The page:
Undeniably, technology is playing a significant role in almost every sector. How are you leveraging technological advancements to make your solutions resourceful?

I am always keen to start with the ‘problem to be solved.’ From there we can look at different technologies – known or emerging – that are best fit for the outcome we are seeking. I never start with the technology, preferring to begin at the identified pain point being experienced by end users or society.

Technology itself is a wonderful tool and we are only just beginning to catch up from an ethics and governance perspective with the various advancements and potential applications being seen every day. Financial Services underpin nearly every aspect of our lives, it is too important to run before we can walk in this regard. It behoves us all to ensure we do no harm both now and into the future, and really understand both the realized and potential implications of how we apply technology. I am not alone in believing that the best way we can do this is to have engagement from as broad a base as possible as we seek outcomes that deliver benefit for all.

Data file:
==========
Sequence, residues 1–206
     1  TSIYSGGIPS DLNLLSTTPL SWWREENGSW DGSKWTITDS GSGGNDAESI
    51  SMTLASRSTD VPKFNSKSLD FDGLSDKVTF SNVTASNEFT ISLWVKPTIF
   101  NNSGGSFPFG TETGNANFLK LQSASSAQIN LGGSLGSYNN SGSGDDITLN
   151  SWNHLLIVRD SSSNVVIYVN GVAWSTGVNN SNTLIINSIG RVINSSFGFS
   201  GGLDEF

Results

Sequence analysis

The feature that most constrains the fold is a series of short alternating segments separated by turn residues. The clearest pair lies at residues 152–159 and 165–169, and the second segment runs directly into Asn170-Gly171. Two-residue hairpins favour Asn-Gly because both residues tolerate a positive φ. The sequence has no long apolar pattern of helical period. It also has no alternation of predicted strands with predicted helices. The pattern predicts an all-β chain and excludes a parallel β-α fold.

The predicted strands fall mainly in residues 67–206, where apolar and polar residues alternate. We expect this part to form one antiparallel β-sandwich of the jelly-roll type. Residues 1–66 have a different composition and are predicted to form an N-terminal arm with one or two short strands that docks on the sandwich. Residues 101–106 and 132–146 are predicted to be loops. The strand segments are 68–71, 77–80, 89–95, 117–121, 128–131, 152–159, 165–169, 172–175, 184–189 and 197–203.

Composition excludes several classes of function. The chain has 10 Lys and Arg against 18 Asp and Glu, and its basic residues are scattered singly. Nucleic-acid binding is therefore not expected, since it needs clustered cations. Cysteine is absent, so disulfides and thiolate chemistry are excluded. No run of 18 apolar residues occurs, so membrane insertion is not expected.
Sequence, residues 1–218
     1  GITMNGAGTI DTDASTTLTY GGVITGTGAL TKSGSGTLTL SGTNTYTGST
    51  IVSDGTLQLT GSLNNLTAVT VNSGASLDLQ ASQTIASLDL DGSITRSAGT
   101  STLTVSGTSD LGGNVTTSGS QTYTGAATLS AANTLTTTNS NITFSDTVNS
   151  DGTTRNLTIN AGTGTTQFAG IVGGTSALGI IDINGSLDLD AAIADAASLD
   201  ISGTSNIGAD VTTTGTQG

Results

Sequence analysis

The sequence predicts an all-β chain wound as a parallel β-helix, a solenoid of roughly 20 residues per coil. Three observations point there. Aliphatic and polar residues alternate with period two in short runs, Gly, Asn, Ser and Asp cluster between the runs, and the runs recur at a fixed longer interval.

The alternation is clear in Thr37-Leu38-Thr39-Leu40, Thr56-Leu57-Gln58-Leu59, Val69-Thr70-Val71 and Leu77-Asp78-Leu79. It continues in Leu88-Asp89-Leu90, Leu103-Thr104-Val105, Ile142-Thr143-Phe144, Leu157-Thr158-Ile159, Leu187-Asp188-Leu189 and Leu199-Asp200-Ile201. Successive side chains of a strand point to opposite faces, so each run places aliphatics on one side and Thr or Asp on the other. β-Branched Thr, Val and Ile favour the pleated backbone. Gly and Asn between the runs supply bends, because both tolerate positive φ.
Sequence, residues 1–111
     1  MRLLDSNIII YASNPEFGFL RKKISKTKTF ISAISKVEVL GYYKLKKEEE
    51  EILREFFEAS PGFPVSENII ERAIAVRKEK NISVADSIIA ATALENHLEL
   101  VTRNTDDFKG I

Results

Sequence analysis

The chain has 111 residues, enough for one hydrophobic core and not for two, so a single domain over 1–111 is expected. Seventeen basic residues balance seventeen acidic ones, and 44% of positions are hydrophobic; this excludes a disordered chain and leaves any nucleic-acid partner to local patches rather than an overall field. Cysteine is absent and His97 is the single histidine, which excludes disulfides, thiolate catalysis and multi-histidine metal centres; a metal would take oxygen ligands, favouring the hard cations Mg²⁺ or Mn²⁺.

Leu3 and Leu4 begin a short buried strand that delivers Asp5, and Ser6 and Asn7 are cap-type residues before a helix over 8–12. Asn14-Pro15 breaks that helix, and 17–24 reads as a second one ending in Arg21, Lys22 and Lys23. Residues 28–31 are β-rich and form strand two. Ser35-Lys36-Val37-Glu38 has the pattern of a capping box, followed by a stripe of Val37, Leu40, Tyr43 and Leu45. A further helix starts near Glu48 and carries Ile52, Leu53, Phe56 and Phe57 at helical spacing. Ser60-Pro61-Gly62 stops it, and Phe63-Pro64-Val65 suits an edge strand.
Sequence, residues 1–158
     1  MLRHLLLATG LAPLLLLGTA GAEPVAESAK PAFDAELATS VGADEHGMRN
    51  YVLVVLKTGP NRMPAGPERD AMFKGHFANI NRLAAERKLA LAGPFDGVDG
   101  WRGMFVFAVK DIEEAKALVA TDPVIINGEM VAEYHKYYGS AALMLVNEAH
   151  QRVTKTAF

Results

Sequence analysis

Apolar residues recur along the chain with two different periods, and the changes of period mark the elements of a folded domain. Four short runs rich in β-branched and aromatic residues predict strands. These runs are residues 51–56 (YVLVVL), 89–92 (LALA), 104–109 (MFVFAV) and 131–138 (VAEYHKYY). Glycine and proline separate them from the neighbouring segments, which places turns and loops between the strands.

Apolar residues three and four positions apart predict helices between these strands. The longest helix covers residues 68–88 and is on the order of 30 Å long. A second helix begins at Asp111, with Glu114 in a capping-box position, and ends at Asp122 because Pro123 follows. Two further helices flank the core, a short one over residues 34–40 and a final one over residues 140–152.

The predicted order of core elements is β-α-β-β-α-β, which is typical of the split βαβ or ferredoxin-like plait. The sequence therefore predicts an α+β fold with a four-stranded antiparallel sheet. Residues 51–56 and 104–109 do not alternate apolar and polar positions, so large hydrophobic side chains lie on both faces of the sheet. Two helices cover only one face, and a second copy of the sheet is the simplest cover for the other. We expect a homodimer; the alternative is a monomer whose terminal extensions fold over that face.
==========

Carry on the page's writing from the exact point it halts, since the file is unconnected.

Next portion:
If given a chance, what change would you like to bring in the finance industry?

I would like to see parity of financial support across all entrepreneurs – where the capability being offered is of benefit, lets back it! The academic research on why diverse teams/boards/founding teams outperform others has been around for a while, and yet the needle is moving almost glacially slowly in this area. Let’s start judging everyone on their potential, rather than selectively seeking evidence of experience from minority groups.

When I was working at Lloyds Banking Group, I managed to create gender parity across their Commercial Bank Markets talent pipeline. Many had tried and failed. And yet I completed the ask within 12weeks, unaided except for the amazing support of external agencies and our collective creative thinking. As Anne Boden has stated in respect of setting up a new SME focused Bank (Starling Bank), sometimes you have to just get on with the task in hand and do it – if you just start putting one foot in front of the other, its extraordinary what outcomes and adventures are to be made.

Where do you envision yourself to be in the long run and what are your future goals?

I hope to be able to look back at my career and feel that I made a difference – big or small, without compromising my personal ethics or individuality. I would like to remain active in the innovative sphere as a mentor, advisor, NED, and I would definitely like to keep enabling more women to realise their full potential.

I am working on HOW I make these goals come to life but they remain a clear North Star for me.

What would be your advice to budding entrepreneurs who aspire to venture into the Fintech sector?

Check your resilience and passion for whatever you are seeking to deliver. Chances are the path will bring you to your knees on more than one occasion, so if you don’t REALLY believe in what you’re attempting to do, perhaps look at other routes to support your goals and aspirations. That being said – all power to you.